Before Hurricane Floyd closed down Wall Street with near-empty threats, last week marked a significant increase in asset backed securities action, with volume seemingly through the roof at $7 billion by press time, compared with $2.8 billion the week prior. But many players remained wary of market conditions.
"It's coming at us kind of confused," said one trader.
"It seems like everybody's out of the water and moving into the water at the same time," said Dan Nigro of Chase Asset Management. At week's end, he said, "Everybody was looking at everyone else to see when to jump in. I see this week as everybody moving into the water."
As for the sharks, Ford Motor Credit Co. set the benchmark for automotive asset backed securities, coming with a $3.2 billion deal backed by prime auto-backed bonds. The deal was structured in seven parts, with five senior, plus a B tranche and a C tranche. The largest tranche, the one-year, nearly $1.4 billion class A-3, priced at 27 points over one-month Libor. The longest average life was just under three years. Goldman, Sachs and Co. was lead manager, with Salomon Smith Barney, Banc One Capital Markets, Lehman Brothers and Merrill Lynch & Co. as co-managers.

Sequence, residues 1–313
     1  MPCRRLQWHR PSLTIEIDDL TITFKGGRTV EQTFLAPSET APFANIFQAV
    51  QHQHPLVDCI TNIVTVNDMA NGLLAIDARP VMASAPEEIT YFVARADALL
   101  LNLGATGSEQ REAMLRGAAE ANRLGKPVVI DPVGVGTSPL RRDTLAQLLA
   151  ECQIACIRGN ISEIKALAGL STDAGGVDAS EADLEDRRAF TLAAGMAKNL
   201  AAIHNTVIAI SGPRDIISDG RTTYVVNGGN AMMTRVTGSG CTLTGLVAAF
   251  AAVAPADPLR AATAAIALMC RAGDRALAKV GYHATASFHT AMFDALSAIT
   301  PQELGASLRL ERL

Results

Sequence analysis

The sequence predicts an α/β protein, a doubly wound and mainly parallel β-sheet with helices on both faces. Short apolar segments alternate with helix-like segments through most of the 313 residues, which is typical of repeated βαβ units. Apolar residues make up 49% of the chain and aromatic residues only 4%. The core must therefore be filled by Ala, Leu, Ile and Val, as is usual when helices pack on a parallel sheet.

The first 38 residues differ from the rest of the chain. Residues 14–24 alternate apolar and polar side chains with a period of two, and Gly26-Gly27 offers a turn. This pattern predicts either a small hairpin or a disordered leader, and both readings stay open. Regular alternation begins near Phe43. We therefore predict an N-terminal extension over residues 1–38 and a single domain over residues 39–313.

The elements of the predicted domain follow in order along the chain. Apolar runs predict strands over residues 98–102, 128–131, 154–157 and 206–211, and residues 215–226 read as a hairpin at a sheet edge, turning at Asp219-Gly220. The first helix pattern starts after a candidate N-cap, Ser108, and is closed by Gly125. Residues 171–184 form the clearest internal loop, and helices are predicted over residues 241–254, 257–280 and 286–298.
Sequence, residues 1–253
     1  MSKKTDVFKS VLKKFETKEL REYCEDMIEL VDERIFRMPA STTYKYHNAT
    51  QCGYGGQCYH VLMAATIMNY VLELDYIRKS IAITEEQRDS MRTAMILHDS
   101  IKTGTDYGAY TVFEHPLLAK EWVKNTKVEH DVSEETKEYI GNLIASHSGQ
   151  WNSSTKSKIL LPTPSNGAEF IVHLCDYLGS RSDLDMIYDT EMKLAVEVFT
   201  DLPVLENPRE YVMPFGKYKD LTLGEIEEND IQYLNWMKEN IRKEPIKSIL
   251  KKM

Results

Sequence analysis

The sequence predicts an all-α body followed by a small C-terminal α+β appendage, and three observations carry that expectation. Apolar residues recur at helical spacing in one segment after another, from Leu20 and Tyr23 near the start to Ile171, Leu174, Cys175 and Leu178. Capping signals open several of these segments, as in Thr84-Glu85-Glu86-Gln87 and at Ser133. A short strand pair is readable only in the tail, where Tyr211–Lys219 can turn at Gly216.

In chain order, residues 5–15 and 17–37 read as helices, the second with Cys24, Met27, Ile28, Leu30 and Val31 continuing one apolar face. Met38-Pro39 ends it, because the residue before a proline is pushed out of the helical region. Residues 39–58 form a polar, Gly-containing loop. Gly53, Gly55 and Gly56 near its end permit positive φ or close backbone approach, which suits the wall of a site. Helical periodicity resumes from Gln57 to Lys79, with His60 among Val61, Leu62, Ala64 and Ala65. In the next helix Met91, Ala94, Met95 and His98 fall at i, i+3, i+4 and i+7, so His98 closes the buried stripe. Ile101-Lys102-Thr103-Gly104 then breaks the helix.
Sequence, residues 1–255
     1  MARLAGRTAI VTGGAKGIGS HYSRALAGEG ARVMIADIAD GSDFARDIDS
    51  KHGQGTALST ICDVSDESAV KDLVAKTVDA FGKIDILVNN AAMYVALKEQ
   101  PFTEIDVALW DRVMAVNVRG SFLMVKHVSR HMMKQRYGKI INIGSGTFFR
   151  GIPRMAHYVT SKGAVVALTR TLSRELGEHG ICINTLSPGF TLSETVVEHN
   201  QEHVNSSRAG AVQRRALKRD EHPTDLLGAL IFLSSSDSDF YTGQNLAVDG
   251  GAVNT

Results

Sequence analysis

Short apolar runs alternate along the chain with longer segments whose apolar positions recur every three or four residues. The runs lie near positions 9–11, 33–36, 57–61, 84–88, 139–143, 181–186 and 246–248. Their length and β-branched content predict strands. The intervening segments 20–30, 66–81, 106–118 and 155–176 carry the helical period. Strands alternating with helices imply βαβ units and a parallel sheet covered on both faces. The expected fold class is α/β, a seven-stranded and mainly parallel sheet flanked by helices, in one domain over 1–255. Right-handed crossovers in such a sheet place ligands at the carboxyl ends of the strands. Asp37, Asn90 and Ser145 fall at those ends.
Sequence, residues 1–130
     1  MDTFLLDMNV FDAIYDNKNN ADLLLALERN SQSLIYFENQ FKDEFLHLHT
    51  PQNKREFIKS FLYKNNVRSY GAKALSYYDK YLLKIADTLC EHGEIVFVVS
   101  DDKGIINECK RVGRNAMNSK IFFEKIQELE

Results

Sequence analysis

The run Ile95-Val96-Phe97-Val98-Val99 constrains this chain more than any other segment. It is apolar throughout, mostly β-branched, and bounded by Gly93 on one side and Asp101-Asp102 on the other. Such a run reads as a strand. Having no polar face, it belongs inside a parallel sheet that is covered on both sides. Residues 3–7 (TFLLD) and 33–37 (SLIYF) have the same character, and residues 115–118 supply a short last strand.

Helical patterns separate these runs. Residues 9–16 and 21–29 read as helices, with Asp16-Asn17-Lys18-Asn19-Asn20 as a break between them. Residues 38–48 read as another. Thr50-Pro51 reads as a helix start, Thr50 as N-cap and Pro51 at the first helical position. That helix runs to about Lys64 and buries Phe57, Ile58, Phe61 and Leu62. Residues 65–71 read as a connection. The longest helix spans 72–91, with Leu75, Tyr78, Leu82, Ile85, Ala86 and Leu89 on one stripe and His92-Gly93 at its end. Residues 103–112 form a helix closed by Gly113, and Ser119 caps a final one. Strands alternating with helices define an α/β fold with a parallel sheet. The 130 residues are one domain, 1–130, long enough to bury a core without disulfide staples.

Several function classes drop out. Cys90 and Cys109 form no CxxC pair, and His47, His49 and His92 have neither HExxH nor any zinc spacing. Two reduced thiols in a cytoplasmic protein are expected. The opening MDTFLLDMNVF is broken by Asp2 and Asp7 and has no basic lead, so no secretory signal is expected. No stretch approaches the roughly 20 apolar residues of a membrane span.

MBNA America Bank came to market with a $1 billion in credit card-backed deal that priced five basis points narrower than original price talk. The deal, also managed by Goldman, was structured in two parts. Lehman, Merrill and Salomon were co-managers.
"The fact that the transaction has increased in size (20%) to the billion-dollar level says a lot about the transaction," said Vernon Wright, vice chairman at MBNA.
GE Capital also priced during the storm of issuance, issuing a $420 million deal backed by home-equity loans.
"We're just trying to finish up the deal as soon as possible," a trader involved in the deal said on Thursday, shortly before the market closed because of the threat of Hurricane Floyd.
Meanwhile, an mortgage securitization from Australia's Saint George's Bank was making the rounds last week during a roadshow to investors. Credit Suisse First Boston is lead manager.
The deal has loan-to-value ratio of less than 70%, making it attractive to U.S. investors. Indexed to three-month Libor, the deal was pre-marketed in three classes, with price talk of around 20 basis points over for the $300 million A-1 class; the low 30s for the $569 million class A-2 and in the 40s for the $125 million A-3 tranche.
"The overwhelming majority of their collateral is floating," explained a trader. "But it has it the opportunity to be fixed."
At press time, Copelco Capital Inc., which had been poised to price an issue since the week before, was set to come to market with a $540 million equipment-backed deal. Copelco reportedly held back on Thursday because the market closed early. Also, New Century Financial Corp. was preparing a $420 million home-equity deal, as was AFC, which was preparing a $515 million HEL offering.